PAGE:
3 Ways The NFL Hacker Could Have Dramatically Improved His NFL Hacking. | Gradient

3 ways the NFL hacker could have dramatically improved his NFL hacking.


The NFL’s Twitter account got hacked. Unfortunately, the hacker’s tweets were in pretty terrible taste:


There was so much potential for good old fashion pranking, no need to fake NFL commissioner Roger Goodell’s death! How can hackers be so good at getting into Twitter accounts and so bad at good Twitter jokes? A total waste.

Here are three suggestions a creative hacker can use to have some good, clean, fun with a serially corrupt organization.

Leak the real concussion reports

Again, death hoaxes aren’t cool. Roger Goodell has friends and loved ones, that would miss him, assuming chronic brain injuries haven’t damaged their ability to remember people, places, and things. The NFL won’t even let its employees know if ramming their heads against each other puts them at risk of concussion-related maladies. Maybe the hacker can slide into @NFL’s DM’s to find an incriminating data point for the masses.

Publish the people and organizations the NFL blackmailed

Recently, Sony altered trailers for Concussion, a Will Smith vehicle based on a real-life doctor’s discovery of CTE, in their attempt to appease league attorneys. How did they get a multinational conglomerate’s film division to rework an actual, true story?

Blackmail. That’s how.

It’s not even the first time the NFL pressured a series! In 2003, the NFL pressured ESPN into canceling a scripted television series, Playmakers, because the show’s dysfunctional and fictional professional football league got too real in its depictions of drug use (including PEDs) and, yes, head injuries. Maybe NFL owns a photo of Chris Berman suggestively posing in boxer briefs (Front: I COULD GO ALL THE WAY Back: 4 U).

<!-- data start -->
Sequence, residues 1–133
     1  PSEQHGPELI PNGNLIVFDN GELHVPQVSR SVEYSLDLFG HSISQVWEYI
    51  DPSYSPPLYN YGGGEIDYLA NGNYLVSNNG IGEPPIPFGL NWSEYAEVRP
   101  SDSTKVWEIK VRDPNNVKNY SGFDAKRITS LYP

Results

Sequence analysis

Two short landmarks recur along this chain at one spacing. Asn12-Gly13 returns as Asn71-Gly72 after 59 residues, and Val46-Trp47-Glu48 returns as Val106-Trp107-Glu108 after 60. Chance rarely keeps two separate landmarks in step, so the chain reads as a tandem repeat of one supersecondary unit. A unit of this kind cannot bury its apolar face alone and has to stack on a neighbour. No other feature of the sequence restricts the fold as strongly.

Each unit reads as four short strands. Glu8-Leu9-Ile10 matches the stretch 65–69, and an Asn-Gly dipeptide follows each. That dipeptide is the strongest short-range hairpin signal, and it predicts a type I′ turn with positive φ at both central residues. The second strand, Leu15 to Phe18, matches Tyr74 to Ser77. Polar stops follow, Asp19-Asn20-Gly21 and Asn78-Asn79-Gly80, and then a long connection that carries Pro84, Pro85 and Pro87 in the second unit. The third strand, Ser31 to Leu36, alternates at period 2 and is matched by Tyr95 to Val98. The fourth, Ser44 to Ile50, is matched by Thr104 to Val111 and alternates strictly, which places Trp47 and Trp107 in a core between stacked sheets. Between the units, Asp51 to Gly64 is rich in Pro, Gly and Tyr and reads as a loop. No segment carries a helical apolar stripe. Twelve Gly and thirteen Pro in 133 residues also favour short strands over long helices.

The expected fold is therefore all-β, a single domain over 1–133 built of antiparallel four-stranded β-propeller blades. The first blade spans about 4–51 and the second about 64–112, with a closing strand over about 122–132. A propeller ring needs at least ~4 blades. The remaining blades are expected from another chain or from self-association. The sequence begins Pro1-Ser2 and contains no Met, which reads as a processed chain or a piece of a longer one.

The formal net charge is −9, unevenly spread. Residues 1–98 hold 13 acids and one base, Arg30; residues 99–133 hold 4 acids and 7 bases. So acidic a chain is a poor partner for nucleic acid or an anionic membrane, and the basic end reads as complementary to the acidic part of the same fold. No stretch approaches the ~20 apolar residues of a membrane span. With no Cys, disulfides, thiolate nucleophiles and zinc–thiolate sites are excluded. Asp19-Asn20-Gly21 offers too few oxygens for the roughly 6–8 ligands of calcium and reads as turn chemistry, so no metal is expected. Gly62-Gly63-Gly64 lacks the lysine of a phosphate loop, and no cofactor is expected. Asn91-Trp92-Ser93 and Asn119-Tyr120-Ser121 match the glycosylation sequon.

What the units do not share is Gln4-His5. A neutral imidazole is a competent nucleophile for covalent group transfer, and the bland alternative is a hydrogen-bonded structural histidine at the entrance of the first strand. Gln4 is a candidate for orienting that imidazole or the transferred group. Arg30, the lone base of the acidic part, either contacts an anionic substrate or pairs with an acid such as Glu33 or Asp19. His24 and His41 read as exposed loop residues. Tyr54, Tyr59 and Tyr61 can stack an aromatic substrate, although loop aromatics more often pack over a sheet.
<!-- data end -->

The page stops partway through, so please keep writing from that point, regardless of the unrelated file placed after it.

ESPN became a much stauncher critic of the league in recent years, despite the multi-billion dollar deal the network has covering the extremely valuable and profitable Monday Night Football. Nonetheless, NFL Hacker, find *that* Flickr account and then, start reworking your Twitter game.

Tease the NFL’s domestic violence awareness campaign

The NFL has already shown their robust and persistent support for their female fans and employees by wearing pink cleats once in awhile. Surely there’s a plan to turn the blowback against their abhorrent record recognizing the severity of domestic violence in the most patronizing manner possible.

Their next color coded campaign probably won’t purple-themed, though. Pittsburgh Steelers cornerback William Gay wore purple cleats during a game in support of domestic violence awareness month, and he got fined. Either way, our next NFL hacker really ought to find the company Evernote before tweeting away.

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